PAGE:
By Brian Keogh
Ireland's Ryder Cup was Europe's biggest ever with a windfall of €143 million for the economy.
That's the assessment of number crunchers Deloitte & Touche, who reckon the "knock on" effect to the country could be worth closer to a quarter of a BILLION euro.
The accountants and tax consultants were commissioned by Fáilte Ireland and the European Tour to work out the financial benefits of the matches to the country.
And the estimated €143 million total makes the K Club classic the biggest Ryder Cup ever held in Europe - 32 percent higher than the Belfry in 2002 and 80 percent more than at Valderrama in 1997.
Ryder Cup Director Richard Hills said: "We are delighted that these figures, calculated using conservative methodology, accurately reflect the increasing popularity of the Ryder Cup and golf in the market place.
"In addition to spending three days at the Ryder Cup, visitors from America stayed in Ireland for a further 4.7 days, while other overseas visitors stayed for an additional three days."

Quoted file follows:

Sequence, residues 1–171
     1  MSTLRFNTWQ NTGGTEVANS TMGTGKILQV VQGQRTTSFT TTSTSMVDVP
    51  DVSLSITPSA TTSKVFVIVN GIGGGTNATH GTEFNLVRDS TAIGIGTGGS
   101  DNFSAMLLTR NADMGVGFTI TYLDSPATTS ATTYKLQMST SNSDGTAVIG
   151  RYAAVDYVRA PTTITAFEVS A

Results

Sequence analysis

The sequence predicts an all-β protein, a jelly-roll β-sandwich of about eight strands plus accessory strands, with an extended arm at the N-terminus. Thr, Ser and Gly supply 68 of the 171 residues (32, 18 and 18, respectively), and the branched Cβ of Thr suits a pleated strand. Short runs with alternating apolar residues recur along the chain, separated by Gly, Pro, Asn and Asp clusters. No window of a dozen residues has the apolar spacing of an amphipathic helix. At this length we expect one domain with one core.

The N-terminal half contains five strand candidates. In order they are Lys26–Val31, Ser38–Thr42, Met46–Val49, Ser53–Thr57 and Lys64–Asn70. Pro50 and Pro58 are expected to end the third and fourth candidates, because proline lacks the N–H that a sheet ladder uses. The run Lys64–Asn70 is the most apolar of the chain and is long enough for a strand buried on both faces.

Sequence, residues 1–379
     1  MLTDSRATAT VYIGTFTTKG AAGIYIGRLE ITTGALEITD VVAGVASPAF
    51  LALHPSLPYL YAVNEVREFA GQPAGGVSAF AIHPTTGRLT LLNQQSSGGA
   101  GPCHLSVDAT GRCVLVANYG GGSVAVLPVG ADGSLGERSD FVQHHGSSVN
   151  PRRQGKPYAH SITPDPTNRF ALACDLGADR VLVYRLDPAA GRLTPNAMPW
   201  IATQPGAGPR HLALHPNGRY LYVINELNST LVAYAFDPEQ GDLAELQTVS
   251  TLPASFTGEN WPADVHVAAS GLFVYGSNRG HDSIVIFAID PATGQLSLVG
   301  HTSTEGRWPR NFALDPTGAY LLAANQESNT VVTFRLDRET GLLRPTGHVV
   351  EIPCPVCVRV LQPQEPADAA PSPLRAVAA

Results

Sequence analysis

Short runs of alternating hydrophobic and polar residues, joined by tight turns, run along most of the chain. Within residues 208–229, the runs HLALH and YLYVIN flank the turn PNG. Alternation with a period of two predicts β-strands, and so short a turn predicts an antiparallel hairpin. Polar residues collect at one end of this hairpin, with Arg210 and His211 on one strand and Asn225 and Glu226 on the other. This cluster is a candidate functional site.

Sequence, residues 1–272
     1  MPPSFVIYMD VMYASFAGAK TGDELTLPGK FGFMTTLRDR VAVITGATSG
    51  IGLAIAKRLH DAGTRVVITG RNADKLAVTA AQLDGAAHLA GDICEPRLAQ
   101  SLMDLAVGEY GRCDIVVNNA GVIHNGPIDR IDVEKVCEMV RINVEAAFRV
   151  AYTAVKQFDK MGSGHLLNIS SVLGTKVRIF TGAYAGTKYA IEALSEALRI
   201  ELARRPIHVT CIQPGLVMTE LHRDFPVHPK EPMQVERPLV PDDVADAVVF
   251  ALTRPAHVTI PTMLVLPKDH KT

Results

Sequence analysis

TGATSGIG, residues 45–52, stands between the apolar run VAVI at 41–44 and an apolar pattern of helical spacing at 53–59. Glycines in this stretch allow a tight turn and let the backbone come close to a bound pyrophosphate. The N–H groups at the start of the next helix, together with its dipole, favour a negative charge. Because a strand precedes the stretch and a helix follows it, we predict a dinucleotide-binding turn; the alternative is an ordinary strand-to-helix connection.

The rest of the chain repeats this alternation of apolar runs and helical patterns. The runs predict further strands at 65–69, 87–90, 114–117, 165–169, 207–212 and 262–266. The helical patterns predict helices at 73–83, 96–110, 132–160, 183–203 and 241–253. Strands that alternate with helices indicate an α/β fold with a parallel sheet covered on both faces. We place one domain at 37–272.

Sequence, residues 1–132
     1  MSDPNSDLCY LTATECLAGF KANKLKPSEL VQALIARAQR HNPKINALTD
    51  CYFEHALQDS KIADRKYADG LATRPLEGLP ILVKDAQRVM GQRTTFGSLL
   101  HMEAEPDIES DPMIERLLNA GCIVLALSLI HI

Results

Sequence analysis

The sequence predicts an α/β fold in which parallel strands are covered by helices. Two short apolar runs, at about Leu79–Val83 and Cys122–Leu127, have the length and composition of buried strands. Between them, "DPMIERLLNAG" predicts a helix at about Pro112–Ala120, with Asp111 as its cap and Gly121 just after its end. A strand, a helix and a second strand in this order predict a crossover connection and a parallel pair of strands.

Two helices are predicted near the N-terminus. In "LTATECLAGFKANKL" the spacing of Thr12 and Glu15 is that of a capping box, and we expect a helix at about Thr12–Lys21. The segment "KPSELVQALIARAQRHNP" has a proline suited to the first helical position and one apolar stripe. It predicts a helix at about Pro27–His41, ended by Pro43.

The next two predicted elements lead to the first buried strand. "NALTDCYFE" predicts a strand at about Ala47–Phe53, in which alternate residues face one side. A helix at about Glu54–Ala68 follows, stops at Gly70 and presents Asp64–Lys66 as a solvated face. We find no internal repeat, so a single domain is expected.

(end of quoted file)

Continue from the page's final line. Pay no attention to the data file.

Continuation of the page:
According to Hills, Fáilte Ireland reckons that the visitor numbers last September was up 90,000 on the 2005 figure thanks to the Ryder Cup.
Event organisers and fans shelled out an average of €350 PER DAY during the matches.
But the biggest spenders by far were the Americans, who parted with an average of €600 a day each.
Deloittes point out in the report that total spectator spending was up 60 percent compared to The Belfry in 2002.
This was mostly due to the increased week-long attendance of 260,000 in 2006 compared to 147,000 in 2002.
Ireland also benefited from a more than 50 percent increase in spending by fans outside the event compared to 2002, with overseas spectators staying longer and spending more than ever before on extended holidays around the Ryder Cup.
The report has been billed as a "conservative" calculation of the Ryder Cup’s impact with only directly measurable expenditure included in the calculations.
Minister for Arts, Sport and Tourism, John O'Donoghue said: "Not only does the report confirm that the total economic benefit of the event to the economy comfortably exceeded earlier estimates.
"It also confirms previously reported perceptions about our visitors' experience, with over 80 percent suggesting that they would return to Ireland in the future and 92 percent prepared to recommend Ireland as a golfing holiday destination."
Deloitte calculates that when the knock-on effect is taken into account, the full impact of the 2006 Ryder Cup on the Irish economy was around €240 million.